Hook Line and Sinker: April 21, 2010

Early season fishing has been spurred on by the unseasonably warm weather we were greeted with during the first week in April. Despite high water conditions, air temperatures that reached the 70s have encouraged trees and flowers to bud and blossom, and have helped warm the normally-chilly waters a bit. A water temperature of 54 degrees Fahrenheit on the Beaverkill provided some decent trout fishing on Monday. Numerous dark caddis flies were seen hatching, along with some Blue Quills, which correspond with the blooming of the lemony-colored forsythia. The red maples have budded and the cheery daffodils are adding their brightness to the countryside, making this April a month to remember.

During the early season, those who fish the rivers and streams will find their best fishing during the afternoon, when the sun is on the water. And once water temperatures reach that magic number of 50 degrees, you can look for fly hatches and rising fish. You might even have success with a dry fly.

Fishing on Pepacton Reservoir has been productive during the early season. For the first time in recent years, the April 1 opener saw boats out on the reservoir, as all the ice was gone. Shore fishermen were also successful, with good numbers of trout being taken.
Al Carpenter of Al’s Sports Store in Downsville was happy to say that sawbellies are now in his shop, a bit early this year.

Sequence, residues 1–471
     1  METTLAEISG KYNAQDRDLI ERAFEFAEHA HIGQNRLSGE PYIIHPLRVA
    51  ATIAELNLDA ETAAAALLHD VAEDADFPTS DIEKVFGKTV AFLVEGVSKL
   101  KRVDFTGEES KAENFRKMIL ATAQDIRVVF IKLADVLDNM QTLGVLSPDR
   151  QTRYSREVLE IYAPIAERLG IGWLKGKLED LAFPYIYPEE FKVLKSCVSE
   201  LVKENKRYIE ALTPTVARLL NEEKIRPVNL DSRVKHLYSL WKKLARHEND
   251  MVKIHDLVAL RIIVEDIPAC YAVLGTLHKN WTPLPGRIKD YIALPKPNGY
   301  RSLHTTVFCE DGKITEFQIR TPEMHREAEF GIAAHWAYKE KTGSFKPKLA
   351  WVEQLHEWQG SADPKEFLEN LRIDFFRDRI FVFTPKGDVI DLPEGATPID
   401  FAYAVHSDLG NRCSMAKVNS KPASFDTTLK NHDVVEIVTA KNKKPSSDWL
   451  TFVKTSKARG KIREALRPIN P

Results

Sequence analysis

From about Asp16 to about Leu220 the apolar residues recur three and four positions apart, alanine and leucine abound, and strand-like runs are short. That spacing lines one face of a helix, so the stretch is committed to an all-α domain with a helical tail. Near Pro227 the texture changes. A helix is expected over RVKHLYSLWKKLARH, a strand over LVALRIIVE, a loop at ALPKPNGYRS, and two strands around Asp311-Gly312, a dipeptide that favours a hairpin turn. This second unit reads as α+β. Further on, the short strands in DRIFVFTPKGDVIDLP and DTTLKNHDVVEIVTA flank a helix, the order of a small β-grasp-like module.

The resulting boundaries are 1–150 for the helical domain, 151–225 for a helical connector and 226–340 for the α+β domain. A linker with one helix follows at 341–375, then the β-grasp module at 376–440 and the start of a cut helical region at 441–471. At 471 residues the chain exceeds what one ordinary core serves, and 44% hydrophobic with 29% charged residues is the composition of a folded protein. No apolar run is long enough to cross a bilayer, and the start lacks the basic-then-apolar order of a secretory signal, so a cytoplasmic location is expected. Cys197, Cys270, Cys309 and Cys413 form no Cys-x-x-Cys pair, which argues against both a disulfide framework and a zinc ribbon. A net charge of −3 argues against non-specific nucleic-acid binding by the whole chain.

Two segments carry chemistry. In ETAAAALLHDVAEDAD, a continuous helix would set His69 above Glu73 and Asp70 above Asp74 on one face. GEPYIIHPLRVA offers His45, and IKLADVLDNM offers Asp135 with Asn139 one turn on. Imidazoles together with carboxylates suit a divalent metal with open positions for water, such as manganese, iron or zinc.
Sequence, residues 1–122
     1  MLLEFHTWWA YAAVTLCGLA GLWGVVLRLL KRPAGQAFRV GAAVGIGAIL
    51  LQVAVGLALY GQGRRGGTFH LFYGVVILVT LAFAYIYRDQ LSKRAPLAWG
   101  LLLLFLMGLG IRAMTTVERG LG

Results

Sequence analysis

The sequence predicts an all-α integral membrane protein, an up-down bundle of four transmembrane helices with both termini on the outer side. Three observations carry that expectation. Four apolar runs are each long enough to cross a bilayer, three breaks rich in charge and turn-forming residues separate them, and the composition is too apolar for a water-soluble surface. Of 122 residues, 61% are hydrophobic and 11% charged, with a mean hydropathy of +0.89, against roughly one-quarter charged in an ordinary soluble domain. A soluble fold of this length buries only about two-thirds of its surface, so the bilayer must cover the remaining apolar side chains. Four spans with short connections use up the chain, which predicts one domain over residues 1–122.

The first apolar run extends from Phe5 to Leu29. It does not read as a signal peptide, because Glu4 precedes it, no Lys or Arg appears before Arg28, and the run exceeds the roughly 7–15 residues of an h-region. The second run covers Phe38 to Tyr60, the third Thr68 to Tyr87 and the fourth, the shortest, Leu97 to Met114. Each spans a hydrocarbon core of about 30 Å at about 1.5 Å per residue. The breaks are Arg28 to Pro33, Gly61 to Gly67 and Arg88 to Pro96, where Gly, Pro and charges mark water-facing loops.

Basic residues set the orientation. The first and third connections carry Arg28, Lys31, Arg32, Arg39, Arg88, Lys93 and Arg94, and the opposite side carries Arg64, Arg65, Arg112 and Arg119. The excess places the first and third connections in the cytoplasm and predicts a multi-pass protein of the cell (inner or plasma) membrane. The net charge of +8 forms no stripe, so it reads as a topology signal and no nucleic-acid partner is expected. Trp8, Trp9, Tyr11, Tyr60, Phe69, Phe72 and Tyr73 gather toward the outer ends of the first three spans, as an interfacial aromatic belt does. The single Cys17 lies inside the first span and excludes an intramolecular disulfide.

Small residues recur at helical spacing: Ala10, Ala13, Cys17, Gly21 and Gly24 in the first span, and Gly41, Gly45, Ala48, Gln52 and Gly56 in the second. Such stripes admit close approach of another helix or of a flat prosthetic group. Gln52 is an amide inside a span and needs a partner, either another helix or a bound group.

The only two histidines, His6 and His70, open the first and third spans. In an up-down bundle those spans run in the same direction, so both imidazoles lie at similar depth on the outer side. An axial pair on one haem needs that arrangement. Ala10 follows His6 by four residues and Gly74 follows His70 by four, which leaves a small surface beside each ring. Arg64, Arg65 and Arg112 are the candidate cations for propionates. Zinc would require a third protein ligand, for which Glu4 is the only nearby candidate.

Successful early-season reservoir fishermen include Joe Solomon of Binghamton who used a Krocodile for his catch, a seven-pound, six-ounce brown trout and Ed Brown of Walton who managed a six-pound brown while trolling Stinger spoons.

Ryan Fitzpatrick came over from Wilkes Barre for some excellent early-season fishing. While fishing from shore, Ryan managed a nice 27-inch, five-pound brown trout, as well as a seven-pound, one-ounce brown using a Kastmaster. Switching to a boat the next day, and fishing near the dam, he found great success catching a number of browns from 18 to 30 feet down.
Joe May, of Fishs Eddy, was fishing off shore with a Krocodile and caught the longest trout of the week, a nice brown that measured 29 and-a-half inches and weighed eight and one-quarter pounds.

The East Branch Delaware River has produced some nice fish as well. Jack Venterola, from North Carolina, used a Rapala with good success; his trout measured 21-and-one-half inches and weighed three and three-quarters pounds.